A Lolita-type young woman is standing on the precipice of a green knoll overlooking a city. A soft halo of light surrounds her as she flips her sun-bleached hair in slow motion while looking over her shoulder at the camera. (Cut scene.) She is now running, her compression pants hugging her hips and buttocks. Her bare midriff is accented by a brightly colored sports bra that enhances her breasts. She stops at a bistro with friends, each of them young, thin, and dressed in suggestive workout attire. Young men walk by, flirtatiously. The narrator says, “Get fit, get him!”

Ryan has been wrangling messages like this for much of her life, messages that either validate fears of inadequacy or condemn having a body type outside of conventional standards. In her 20s, she experienced a barrage of health issues, including fibromyalgia, hypothyroidism, candida, rosacea, cystitis, and numerous allergies. At the time, her idea of health hung on social expectations, trends, and misinformation.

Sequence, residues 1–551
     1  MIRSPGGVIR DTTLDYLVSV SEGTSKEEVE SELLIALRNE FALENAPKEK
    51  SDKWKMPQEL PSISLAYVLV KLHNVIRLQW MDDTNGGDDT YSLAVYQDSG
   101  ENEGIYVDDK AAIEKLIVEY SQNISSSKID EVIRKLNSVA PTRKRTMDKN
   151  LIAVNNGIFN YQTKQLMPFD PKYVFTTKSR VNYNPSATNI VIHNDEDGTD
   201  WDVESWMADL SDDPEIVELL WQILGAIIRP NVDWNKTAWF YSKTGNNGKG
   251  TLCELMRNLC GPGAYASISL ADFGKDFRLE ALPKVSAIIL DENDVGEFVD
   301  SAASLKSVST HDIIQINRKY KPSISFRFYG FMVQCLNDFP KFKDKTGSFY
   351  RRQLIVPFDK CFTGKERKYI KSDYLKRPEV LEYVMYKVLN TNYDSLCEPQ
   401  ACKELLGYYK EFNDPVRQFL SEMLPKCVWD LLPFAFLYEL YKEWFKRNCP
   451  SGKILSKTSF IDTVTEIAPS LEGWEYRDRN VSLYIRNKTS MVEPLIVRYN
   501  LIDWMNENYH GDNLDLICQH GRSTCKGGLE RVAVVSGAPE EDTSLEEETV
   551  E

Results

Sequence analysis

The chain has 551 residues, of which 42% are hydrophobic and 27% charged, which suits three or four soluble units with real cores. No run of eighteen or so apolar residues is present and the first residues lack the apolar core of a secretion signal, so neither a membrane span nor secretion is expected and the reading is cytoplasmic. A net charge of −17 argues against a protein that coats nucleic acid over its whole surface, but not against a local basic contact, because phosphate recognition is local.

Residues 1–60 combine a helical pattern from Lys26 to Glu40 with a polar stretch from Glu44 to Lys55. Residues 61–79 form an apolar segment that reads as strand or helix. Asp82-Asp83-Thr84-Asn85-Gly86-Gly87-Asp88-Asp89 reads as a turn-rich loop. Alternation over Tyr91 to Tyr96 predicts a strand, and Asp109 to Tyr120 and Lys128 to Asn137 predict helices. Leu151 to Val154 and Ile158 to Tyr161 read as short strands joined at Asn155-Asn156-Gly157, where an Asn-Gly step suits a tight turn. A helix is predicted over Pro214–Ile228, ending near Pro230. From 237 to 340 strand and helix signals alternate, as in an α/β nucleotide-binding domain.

After she had children, Ryan—a triathlete—had a reality check when, one evening after preparing dinner, she stood above the table, watching her family eat. A few minutes into the meal, her daughter asked, “Momma, why aren’t you eating?” “I thought to myself, ‘How did she notice?’ And I knew I needed to get my act together.”

Within six months after receiving professional help, she was on track. She figured out how to have a healthy relationship with food. She resigned from teaching and became certified with Integrative Nutrition. “After I healed myself, I was so empowered!” she exclaims. “I wanted to help others live a full life instead of being in pain and on meds.”

“I teach people that a diet is like Harry Potter: my magic wand won’t work the same for you as it does for me,” she says of working with clients’ individual constitutions and metabolisms. Her expertise is in finding each person’s “magic nutrition wand.”